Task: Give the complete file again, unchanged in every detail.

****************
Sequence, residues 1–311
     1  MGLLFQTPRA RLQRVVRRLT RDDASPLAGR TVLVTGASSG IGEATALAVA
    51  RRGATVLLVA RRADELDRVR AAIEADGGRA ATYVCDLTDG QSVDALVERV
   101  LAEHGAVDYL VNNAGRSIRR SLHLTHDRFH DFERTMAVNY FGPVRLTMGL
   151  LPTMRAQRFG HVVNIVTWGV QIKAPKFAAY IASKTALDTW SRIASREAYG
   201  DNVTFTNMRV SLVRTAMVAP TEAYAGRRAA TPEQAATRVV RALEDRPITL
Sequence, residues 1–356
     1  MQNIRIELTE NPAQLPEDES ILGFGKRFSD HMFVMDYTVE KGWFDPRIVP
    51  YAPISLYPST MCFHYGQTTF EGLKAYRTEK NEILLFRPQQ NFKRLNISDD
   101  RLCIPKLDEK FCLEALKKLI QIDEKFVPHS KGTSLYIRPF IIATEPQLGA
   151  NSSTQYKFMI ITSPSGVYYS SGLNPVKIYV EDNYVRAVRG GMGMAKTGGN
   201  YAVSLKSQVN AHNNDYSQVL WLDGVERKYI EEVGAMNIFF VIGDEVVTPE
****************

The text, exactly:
Sequence, residues 1–311
     1  MGLLFQTPRA RLQRVVRRLT RDDASPLAGR TVLVTGASSG IGEATALAVA
    51  RRGATVLLVA RRADELDRVR AAIEADGGRA ATYVCDLTDG QSVDALVERV
   101  LAEHGAVDYL VNNAGRSIRR SLHLTHDRFH DFERTMAVNY FGPVRLTMGL
   151  LPTMRAQRFG HVVNIVTWGV QIKAPKFAAY IASKTALDTW SRIASREAYG
   201  DNVTFTNMRV SLVRTAMVAP TEAYAGRRAA TPEQAATRVV RALEDRPITL
Sequence, residues 1–356
     1  MQNIRIELTE NPAQLPEDES ILGFGKRFSD HMFVMDYTVE KGWFDPRIVP
    51  YAPISLYPST MCFHYGQTTF EGLKAYRTEK NEILLFRPQQ NFKRLNISDD
   101  RLCIPKLDEK FCLEALKKLI QIDEKFVPHS KGTSLYIRPF IIATEPQLGA
   151  NSSTQYKFMI ITSPSGVYYS SGLNPVKIYV EDNYVRAVRG GMGMAKTGGN
   201  YAVSLKSQVN AHNNDYSQVL WLDGVERKYI EEVGAMNIFF VIGDEVVTPE